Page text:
Re: [dispatch] PING2. Re: JSON Canonicalization Standard

Anders Rundgren <> Thu, 06 September 2018 05:56 UTC

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To: Larry Masinter <>,
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From: Anders Rundgren <>
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Date: Thu, 06 Sep 2018 07:56:43 +0200
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Subject: Re: [dispatch] PING2. Re: JSON Canonicalization Standard
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On 2018-09-06 01:07, Larry Masinter wrote:
> A canonicalization of a space should apply to all valid values, and
> shouldn't map two semantically different values to the same canonical form.

I don't understand what you are referring to here since white space is
insignificant in JSON.

> JSON intentionally allows large integers and floating point numbers outside
> of IEEE range of capabilities (1e400, 99999999999999999999).
> While some implementations will coerce values and round off, I think a good
> canonicalization should leave these values intact, if you're want a JSON
> canonicalization rather than an "ES6 value serialization" canonicalization
> (a strict subset).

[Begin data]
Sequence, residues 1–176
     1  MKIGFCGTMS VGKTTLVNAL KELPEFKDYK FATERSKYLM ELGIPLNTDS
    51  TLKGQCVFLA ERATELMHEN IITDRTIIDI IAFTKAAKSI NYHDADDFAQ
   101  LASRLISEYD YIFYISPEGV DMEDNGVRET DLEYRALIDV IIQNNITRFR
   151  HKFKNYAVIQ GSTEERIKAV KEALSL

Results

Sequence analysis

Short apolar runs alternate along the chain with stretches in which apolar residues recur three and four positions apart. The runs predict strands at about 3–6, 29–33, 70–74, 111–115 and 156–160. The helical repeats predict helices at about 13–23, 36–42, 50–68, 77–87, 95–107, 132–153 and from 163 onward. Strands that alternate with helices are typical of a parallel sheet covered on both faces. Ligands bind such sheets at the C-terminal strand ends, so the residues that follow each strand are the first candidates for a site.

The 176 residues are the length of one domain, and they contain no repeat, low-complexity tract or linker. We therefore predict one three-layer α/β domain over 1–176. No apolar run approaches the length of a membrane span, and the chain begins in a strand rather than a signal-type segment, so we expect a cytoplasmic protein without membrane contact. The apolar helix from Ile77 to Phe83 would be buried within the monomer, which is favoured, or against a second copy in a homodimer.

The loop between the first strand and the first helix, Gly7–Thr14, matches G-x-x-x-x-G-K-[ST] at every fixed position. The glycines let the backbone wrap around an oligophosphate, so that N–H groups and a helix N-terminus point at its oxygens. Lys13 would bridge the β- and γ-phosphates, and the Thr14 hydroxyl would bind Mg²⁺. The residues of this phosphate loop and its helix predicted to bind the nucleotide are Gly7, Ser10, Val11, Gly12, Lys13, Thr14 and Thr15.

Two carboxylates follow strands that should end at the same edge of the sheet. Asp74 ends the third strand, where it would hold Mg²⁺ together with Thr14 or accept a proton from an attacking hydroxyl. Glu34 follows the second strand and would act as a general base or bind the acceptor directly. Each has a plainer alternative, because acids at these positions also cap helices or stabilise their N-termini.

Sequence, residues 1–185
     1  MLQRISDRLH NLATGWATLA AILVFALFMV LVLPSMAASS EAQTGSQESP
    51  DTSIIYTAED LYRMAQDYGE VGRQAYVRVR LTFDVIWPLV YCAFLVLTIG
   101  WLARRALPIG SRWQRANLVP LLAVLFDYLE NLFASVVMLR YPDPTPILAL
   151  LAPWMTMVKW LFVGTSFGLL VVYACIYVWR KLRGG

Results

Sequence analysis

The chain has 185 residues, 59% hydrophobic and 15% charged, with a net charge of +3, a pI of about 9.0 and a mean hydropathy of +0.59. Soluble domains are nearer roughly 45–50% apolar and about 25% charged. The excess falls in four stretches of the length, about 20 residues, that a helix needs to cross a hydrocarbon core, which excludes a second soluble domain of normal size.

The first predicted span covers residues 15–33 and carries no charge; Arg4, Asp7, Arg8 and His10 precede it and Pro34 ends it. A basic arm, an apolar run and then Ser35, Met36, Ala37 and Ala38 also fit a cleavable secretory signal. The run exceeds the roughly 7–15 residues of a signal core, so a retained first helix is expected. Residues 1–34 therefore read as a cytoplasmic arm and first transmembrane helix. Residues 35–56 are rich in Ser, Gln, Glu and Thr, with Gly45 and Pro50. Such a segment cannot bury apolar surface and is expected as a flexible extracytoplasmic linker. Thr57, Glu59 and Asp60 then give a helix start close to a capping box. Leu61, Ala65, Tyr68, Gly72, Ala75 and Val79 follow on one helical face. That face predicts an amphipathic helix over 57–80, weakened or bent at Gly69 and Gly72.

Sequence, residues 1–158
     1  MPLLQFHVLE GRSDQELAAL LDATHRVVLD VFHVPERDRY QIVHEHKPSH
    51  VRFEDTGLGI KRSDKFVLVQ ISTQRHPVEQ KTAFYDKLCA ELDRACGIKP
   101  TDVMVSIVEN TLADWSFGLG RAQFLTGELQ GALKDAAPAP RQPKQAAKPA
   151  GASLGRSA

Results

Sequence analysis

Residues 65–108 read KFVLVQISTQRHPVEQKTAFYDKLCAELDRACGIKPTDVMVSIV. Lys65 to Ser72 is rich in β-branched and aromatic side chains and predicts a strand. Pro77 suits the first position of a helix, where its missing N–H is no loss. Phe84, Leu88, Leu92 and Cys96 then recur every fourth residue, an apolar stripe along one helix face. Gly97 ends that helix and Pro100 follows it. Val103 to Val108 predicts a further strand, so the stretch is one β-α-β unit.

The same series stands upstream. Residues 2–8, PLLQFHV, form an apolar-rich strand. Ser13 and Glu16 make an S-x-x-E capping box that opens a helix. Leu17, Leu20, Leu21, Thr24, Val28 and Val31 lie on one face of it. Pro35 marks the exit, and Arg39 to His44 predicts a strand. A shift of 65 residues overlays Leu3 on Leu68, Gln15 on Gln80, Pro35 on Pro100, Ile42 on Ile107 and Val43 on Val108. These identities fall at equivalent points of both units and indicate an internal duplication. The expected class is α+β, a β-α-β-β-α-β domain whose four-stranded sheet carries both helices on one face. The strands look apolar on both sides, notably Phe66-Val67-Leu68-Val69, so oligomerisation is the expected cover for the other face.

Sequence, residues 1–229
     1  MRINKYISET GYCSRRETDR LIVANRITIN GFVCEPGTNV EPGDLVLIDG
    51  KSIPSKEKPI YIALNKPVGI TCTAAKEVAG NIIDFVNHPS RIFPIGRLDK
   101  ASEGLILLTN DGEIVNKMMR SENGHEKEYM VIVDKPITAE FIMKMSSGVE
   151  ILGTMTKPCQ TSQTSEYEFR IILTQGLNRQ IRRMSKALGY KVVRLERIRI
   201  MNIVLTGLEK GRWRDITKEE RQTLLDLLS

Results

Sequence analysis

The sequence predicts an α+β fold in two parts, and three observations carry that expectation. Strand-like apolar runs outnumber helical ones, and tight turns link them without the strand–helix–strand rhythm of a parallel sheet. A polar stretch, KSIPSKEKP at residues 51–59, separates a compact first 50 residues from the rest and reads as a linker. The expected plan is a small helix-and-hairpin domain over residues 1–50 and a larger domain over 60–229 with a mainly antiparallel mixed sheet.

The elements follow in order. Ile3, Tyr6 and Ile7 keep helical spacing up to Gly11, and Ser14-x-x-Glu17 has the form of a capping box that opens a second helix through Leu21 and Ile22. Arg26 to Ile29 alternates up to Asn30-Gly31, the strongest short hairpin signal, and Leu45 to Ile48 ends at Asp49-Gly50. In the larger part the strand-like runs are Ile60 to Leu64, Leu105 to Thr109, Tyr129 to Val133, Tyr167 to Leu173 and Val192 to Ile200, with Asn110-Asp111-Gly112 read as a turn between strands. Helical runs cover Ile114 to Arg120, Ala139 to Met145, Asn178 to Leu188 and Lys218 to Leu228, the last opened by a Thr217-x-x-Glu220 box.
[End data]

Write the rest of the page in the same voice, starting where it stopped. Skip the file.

The rationale for the IEEE-754 double precision/ES6 restriction used in the I-D
is that this is (AFAIK) the de-facto scheme for current IETF standards defining
JSON objects including such that use big numbers like RSA parameters.

Another reason for taking this route is that using the full JSON Number
notation would require the canonicalizer to work on the text level only
since it is incompatible with most current JSON Parsers (all that do not
use an unlimited BigNumber as underlying JSON Number type).

The JCS scheme is designed to ultimately be integrated in JSON serializers
(only) as an output option.

Although it is considerably easier defining a free-standing canonicalizer
scheme like it might end-up
getting limited industry support.  The JOSE folks slashed an earlier effort of
mine requiring requiring JSON text preservation. In particular, dealing with
active intermediaries was considered a showstopper.

JWS+JCS combo:
On-line testing:
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